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Improving Hot Spot Policing through Behavioral Interventions, New York City, 2012-2018

Version
v0
Resource Type
Dataset : administrative records data, aggregate data, event/transaction data, experimental data, geographic information system (GIS) data, survey data
Creator
  • Shah, Anuj
Other Title
  • Archival Version (Subtitle)
Publication Date
2020-06-29
Publication Place
Ann Arbor, Michigan
Publisher
  • Inter-University Consortium for Political and Social Research
Funding Reference
  • United States Department of Justice. Office of Justice Programs. National Institute of Justice
Language
English
Free Keywords
Schema: ICPSR
community policing; offenders; police citizen interactions; police community relations; police officers; public housing
Description
  • Abstract

    This project aimed to develop new insights into offender decision-making in hot spots in New York City, and to test whether these insights could inform interventions to reduce crime in hot spots. There were two phases to the project. In the first phase a set of hypotheses were developed about offender decision-making based on semi-structured interviews with individuals who were currently incarcerated, formerly incarcerated individuals, individuals currently on probation, and community members of high crime areas with no justice-involvement. These interviews suggested several factors worthy of further testing. For instance, offenders believed they were less likely to get away with a crime if they knew more about the officers in their community. That is, when police officers were less anonymous, offenders were less likely to go forward with a crime. In the second phase a field intervention was developed and conducted to test whether reducing officer anonymity might deter crime. Through a randomized controlled trial (RCT) while working with NYPD neighborhood coordination officers, who work in New York City Housing Authority (NYCHA) developments, it was tested whether sending information about officers to residents in housing developments would deter crime in those developments.
  • Abstract

    To develop a better understanding of offender decision making through interviews, surveys, and a behavioral intervention to increase familiarity with local law enforcement.
  • Methods

    Randomized field trials and surveys following a behavioral intervention.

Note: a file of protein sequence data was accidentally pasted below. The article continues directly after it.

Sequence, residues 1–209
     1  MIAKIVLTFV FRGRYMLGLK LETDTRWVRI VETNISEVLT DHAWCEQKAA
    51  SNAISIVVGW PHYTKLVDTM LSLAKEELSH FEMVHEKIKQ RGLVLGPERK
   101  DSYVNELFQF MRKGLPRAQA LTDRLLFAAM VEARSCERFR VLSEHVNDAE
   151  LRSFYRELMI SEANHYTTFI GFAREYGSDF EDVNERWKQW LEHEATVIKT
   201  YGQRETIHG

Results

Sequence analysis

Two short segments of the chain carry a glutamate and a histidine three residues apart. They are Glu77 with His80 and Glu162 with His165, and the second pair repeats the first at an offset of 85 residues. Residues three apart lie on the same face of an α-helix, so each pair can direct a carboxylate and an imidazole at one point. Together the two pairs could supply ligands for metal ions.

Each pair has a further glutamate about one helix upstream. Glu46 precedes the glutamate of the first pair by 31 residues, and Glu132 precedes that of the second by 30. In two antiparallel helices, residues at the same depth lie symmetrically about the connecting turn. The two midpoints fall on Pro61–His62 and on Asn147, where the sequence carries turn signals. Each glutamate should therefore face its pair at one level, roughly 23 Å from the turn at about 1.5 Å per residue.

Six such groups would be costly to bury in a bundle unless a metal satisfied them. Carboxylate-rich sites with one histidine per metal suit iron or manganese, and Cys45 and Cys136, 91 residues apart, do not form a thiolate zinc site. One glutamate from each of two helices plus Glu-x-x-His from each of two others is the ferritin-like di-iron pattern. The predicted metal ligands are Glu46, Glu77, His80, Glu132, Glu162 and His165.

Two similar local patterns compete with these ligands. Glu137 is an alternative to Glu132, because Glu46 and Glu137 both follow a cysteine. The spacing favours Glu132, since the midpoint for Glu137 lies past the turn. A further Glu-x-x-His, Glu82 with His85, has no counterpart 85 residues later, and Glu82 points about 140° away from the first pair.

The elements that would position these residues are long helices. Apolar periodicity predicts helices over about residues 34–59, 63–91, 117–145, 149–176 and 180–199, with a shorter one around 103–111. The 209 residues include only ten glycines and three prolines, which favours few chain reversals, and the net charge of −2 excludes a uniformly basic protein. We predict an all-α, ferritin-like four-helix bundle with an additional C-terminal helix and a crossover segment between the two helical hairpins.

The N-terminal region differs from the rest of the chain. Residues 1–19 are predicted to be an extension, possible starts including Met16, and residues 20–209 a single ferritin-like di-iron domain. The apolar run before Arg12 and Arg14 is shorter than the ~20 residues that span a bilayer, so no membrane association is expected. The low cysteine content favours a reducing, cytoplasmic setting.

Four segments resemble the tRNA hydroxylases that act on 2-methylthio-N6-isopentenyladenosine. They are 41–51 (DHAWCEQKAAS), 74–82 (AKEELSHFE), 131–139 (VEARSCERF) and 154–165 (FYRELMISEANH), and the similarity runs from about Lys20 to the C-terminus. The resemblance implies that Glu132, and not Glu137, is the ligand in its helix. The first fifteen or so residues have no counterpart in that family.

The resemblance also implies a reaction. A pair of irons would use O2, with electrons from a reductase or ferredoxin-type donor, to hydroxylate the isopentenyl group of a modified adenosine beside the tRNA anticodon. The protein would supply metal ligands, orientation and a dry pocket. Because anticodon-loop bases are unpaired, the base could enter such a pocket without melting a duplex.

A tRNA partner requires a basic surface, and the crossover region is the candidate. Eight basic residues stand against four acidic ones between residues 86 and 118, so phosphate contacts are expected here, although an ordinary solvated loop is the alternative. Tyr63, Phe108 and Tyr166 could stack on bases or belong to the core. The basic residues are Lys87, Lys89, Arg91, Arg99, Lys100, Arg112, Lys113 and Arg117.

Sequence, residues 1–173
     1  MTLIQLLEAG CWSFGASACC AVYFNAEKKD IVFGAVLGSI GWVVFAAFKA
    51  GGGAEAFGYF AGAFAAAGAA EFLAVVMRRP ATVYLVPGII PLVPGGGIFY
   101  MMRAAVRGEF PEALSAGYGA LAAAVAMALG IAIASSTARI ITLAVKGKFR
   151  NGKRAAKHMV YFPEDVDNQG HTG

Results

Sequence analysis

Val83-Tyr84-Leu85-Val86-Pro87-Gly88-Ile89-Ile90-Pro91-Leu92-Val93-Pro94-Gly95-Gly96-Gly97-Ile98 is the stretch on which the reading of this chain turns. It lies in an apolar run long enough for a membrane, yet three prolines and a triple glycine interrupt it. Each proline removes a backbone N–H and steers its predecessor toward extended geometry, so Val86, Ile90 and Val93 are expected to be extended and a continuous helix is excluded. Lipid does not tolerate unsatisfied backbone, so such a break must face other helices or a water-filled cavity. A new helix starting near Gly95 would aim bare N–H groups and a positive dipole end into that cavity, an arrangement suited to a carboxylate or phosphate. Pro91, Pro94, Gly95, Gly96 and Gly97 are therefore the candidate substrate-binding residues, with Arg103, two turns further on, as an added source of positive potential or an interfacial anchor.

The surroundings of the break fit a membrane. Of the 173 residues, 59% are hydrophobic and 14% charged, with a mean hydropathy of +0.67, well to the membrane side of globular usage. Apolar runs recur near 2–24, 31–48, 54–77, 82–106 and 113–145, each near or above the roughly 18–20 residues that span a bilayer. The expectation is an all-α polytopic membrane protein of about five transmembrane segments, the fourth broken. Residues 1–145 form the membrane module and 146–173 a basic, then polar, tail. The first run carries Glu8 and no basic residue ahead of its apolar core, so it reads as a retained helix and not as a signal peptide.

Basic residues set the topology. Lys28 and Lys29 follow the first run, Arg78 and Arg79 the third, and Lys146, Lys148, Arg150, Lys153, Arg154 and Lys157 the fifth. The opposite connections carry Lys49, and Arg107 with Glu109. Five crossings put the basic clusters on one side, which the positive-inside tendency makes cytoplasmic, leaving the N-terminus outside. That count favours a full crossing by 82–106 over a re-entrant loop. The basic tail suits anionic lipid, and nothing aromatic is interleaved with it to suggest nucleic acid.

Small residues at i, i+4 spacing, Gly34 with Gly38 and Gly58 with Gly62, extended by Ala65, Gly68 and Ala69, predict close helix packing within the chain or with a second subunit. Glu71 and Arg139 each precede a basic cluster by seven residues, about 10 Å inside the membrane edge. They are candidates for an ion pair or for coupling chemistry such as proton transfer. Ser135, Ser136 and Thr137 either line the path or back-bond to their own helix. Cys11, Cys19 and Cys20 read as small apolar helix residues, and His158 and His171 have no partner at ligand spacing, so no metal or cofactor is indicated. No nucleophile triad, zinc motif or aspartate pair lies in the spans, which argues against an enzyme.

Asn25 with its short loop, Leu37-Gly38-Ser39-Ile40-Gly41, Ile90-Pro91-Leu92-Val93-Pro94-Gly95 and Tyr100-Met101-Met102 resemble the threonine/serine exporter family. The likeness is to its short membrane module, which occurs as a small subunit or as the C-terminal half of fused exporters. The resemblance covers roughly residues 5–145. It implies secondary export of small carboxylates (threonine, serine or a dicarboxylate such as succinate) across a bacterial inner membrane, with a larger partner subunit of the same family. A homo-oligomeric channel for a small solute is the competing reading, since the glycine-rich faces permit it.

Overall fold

• Methods

    Dataset 1 contains variables on NYCHA developments in New York City, including demographics, location, population, and crime incidents near the developments. Dataset 2 contains scale variables concerning feelings towards neigborhood police officers, job performance, response rate, and familiarity with those officers. It also includes items on demographics, residence, development statistics, and survey-related variables for researchers.
  • Abstract

    Datasets:

    • DS0: Study-Level Files
    • DS1: NYCHA Development Data
    • DS2: Survey Data for NIJ
Temporal Coverage
  • Time period: 2012-11-01--2018-10-31
  • 2012-11-01 / 2018-10-31
  • Collection date: 2018-03-01--2018-04-30
  • 2018-03-01 / 2018-04-30
  • Collection date: 2012-11-01--2018-10-31
  • 2012-11-01 / 2018-10-31
  • Collection date: 2014-06-27--2014-10-01
  • 2014-06-27 / 2014-10-01
Geographic Coverage
  • New York City
Sampled Universe
Adult public housing residents, adult ex-offenders, adult probationers, and adult incarcerated population in New York City.
Collection Mode
  • face-to-face interview
  • on-site questionnaire
Note
Funding institution(s): United States Department of Justice. Office of Justice Programs. National Institute of Justice (2013-R2-CX-0006).
Availability
Delivery
One or more files in this study are not available for download due to special restrictions; consult the study documentation to learn more on how to obtain the data.
Alternative Identifiers
  • 37284 (Type: ICPSR Study Number)
Relations
  • Is previous version of
    DOI: 10.3886/ICPSR37284.v1

Update Metadata: 2020-06-29 | Issue Number: 2 | Registration Date: 2020-06-29

Shah, Anuj (2020): Improving Hot Spot Policing through Behavioral Interventions, New York City, 2012-2018. Archival Version. Version: v0. ICPSR - Interuniversity Consortium for Political and Social Research. Dataset. https://doi.org/10.3886/ICPSR37284